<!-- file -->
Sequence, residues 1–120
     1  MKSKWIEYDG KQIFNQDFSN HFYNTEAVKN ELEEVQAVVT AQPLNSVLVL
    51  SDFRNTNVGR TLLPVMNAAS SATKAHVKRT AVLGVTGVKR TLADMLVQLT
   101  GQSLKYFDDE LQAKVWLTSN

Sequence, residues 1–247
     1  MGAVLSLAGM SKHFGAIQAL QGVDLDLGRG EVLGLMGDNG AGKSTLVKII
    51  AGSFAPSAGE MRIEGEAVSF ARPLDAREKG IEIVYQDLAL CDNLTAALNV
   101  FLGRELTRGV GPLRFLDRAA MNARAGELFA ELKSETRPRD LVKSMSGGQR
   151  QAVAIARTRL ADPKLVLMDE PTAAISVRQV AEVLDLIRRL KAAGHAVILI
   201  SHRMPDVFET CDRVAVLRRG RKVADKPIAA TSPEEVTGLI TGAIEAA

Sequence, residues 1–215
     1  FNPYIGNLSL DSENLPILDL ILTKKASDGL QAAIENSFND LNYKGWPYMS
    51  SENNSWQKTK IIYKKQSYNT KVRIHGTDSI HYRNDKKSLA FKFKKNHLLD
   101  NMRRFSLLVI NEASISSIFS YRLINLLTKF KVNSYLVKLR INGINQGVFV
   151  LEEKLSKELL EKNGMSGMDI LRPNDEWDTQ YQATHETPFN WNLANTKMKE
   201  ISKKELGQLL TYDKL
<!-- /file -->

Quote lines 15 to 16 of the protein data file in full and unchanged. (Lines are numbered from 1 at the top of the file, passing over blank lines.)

   151  LEEKLSKELL EKNGMSGMDI LRPNDEWDTQ YQATHETPFN WNLANTKMKE
   201  ISKKELGQLL TYDKL